By Jacqueline Mahugu
| Mar. 15, 2020
Imagine plugging your car in the socket in the morning and within minutes, vroom! Until a few years ago, this was a dream. Not anymore.
Electric cars are here. One cab-hailing app has a fleet of 30 electric cars. Another company is converting regular cars into electric cars in Kenya.
And sooner than later, electric matatus and boda bodas will be on our roads.
The car is virtually indistinguishable from others on the roads, apart from the markings on it letting you know that it is 100 per cent electric with zero per cent emissions and that it belongs to Nopea.
It is quieter than any other car we have been in and it has a battery icon similar to that of a mobile phone — only that is bigger — where the fuel gauge usually is. In this case, it is called an energy gauge.
“I have driven this car for a while and I love it,” the driver tells us. At Nopea, the cars belong to the company, unlike other taxi-hailing firms, which do not own vehicles.
He drives us to TRM along Thika Road, where one of Nopea’s charging stations is located. He informs us that if the battery was completely drained, it would have taken about 30 minutes to recharge fully. “These are fast chargers. You can charge it at home from a socket,” he says. The rest of their charging stations are located at The Hub in Karen and Two Rivers Mall.
After a now novel but soon-to-be common experience, our next stop is Opibus to have a closer look at the making of an electric vehicle.
The Opibus car factory is divided into pre-production of the electric car systems and conversion of cars. We find a team of engineers hard at work, converting several four-wheel vehicles into electric (not hybrid) ones.
From mid this year, the conversion will take two days instead of two to four weeks due to the streamlining of the production and method changes, according to Filip Gardler, the CEO and founder.
Any type of car
“We remove the engine, fuel tanks and gear box, and replace them with their drive trains, which comprises an electric motor, battery packs, power electronics and auxiliary systems such as driver touch screen interface, type 2 charging port and so forth. We pre-produce all of them here in our factories,” says Gardler.
They work as a team of about 55 people, mostly Kenyans, trained to develop, assemble and produce electric drive trains, which are the groups of components that deliver power to the driving wheels.
As we move through the factory, we observe engineers hard at work on the last project of their project-based manufacturing.
“We can do any type of car. We started off with the tourism industry as an entry market but now we are moving over to the larger and more impactful markets such as public transportation,” says Filip Lövström, chief technical officer and co-founder.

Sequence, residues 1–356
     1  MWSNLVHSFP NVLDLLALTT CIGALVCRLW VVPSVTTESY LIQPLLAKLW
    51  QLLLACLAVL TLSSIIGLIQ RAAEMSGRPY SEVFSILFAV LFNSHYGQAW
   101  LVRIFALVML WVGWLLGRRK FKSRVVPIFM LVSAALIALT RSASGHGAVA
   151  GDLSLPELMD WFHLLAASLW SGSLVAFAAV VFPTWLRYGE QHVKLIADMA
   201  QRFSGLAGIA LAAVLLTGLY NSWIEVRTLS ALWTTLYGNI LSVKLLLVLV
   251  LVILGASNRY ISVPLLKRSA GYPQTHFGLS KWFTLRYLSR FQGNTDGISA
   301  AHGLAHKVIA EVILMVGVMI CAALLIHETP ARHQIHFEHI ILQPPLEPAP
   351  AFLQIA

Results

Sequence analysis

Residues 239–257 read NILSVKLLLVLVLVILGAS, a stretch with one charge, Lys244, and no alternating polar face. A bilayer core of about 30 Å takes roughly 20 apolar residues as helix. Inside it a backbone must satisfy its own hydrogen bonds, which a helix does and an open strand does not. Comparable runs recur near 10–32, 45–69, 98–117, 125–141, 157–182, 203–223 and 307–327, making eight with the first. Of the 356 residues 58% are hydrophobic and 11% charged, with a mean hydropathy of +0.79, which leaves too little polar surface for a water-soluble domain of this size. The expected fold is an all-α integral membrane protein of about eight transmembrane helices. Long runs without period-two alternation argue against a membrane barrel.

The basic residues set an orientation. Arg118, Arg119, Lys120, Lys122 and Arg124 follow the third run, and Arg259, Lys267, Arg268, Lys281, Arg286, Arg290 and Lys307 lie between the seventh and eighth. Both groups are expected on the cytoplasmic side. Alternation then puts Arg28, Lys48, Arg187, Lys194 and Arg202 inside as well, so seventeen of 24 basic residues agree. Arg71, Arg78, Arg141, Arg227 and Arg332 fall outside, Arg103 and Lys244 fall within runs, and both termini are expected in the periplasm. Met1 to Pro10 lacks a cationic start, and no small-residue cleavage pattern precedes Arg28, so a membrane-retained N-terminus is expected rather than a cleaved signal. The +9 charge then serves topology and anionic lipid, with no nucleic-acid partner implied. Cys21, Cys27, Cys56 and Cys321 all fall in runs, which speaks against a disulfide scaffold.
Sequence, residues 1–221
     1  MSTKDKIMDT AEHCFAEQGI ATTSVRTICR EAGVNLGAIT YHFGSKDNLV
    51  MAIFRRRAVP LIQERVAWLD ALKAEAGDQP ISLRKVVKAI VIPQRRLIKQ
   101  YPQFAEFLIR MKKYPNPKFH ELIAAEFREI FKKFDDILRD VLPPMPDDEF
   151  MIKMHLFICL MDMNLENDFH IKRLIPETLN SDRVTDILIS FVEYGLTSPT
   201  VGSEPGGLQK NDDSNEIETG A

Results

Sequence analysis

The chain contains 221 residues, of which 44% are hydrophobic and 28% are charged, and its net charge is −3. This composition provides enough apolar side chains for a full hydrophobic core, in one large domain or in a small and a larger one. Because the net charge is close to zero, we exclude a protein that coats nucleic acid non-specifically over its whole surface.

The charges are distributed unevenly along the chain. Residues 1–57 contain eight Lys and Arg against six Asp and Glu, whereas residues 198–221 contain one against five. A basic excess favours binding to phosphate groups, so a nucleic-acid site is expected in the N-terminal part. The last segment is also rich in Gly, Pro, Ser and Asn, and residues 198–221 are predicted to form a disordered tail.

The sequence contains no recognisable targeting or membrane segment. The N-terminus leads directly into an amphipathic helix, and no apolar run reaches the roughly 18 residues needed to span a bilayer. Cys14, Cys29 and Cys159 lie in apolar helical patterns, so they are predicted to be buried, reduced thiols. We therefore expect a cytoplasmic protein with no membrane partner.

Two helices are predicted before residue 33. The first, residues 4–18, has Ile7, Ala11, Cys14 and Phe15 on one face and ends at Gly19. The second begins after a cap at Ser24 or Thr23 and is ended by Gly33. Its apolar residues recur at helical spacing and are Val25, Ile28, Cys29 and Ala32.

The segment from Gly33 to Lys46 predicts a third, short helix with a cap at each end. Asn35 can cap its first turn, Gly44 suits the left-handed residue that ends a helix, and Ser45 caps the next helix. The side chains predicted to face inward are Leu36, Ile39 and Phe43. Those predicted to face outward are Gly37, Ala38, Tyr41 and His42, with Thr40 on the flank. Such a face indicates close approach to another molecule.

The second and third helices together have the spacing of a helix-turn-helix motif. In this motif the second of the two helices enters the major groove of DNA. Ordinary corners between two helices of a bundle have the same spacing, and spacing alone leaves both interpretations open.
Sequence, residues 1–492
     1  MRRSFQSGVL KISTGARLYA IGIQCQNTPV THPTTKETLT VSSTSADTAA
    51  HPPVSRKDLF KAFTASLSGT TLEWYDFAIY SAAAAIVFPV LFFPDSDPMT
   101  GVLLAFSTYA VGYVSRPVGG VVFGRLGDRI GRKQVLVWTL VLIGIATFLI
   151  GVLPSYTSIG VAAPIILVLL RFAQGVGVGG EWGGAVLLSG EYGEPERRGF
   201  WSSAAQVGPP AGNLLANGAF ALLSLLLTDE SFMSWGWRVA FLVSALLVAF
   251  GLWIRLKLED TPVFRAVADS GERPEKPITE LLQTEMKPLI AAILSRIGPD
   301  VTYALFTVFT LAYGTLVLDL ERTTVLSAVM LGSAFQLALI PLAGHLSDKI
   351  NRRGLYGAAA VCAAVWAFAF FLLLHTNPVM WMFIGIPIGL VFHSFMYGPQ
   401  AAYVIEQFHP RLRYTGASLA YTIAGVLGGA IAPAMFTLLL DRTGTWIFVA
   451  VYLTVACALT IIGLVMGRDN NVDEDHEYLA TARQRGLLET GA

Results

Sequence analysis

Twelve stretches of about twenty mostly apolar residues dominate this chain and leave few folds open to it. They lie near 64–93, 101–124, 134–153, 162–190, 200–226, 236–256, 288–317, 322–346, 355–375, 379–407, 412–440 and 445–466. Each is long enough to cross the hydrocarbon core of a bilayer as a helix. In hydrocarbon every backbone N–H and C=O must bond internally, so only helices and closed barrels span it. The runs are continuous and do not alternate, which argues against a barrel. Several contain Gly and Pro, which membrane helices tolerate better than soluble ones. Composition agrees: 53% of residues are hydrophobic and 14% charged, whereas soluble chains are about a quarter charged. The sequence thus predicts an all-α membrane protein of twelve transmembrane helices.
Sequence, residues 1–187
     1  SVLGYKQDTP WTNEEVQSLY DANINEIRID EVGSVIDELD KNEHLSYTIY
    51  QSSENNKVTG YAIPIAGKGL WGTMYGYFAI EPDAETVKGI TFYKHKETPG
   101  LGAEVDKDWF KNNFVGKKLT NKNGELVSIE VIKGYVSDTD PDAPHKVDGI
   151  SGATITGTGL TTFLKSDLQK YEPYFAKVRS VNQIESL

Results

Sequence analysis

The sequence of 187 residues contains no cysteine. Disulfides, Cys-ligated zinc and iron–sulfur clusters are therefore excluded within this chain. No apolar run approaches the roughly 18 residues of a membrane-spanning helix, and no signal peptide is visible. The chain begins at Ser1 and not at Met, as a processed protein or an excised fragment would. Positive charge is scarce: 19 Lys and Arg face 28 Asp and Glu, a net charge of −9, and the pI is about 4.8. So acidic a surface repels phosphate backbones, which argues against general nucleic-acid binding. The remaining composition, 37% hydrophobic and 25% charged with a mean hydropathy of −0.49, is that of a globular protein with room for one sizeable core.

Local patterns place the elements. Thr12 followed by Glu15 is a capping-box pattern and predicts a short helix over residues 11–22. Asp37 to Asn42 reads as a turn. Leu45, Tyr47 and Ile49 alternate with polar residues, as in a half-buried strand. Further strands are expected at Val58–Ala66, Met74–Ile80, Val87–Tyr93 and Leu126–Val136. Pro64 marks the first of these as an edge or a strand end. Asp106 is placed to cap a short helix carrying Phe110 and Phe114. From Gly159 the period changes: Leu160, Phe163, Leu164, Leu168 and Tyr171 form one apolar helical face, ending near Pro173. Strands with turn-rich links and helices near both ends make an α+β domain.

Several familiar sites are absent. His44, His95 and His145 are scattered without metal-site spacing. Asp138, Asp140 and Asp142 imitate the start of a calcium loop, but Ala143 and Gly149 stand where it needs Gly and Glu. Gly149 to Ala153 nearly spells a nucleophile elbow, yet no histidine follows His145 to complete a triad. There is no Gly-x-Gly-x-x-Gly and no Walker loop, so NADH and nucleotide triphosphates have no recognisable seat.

Their two-year efforts have paid off, and they will now move from project-based manufacturing, where they have been working project by project, to mass production through line-based manufacturing. “The plan for this year is to roll out both electric matatus and electric motorbikes,” says Lövström. The plan has generated a lot of interest, and they are about to begin piloting the boda bodas in Nairobi, Western region, around Lake Victoria – Mbita and Homa Bay towns.
They plan to have 50 electric motorcycles in those areas to test for off-grid usage.
That means they will also be available for drivers who are off-grid and will use solar power to recharge them.
The founders say upfront capital expenditure is higher for an electric car, but removing fuel costs reduces operational expenditures by an average of around 80 per cent, so matatu owners and boda bodas will be able to keep more of their profits at the end of the day.
A full battery charge in one of their four-wheel drive vehicles on a rough terrain goes for roughly 100km, with the non-extended “baseline” battery pack. How long the charge goes depends on various things, such as the size of the battery pack and the terrain.
“On tarmac, depending on the various factors, the smallest battery pack for a 14-seater would power the car for about 150km,” says Gardler.
“Depending on the type of vehicle and how much you want to work with, we can do ranges of about 400 to 450km. That’s the potential.”
The cars from Opibus charge fully in one and a half hours, but they are planning to bring the period down to half an hour, utilising DC-fast charging. One can also use a domestic power outlet at home. That would take between six and seven hours, which most people opt to do overnight.
The ultimate goal of the company is to accelerate e-mobility evolution in this region.
“It is also to make sure that Kenya is not dependent on foreign imports to make the vehicles but that Kenyan engineers can design, manufacture and assemble electric vehicles.
“That is the competence that needs to be here and that is why we started this company. The plan is to leave this in the hands if Kenyan,” Gardler says.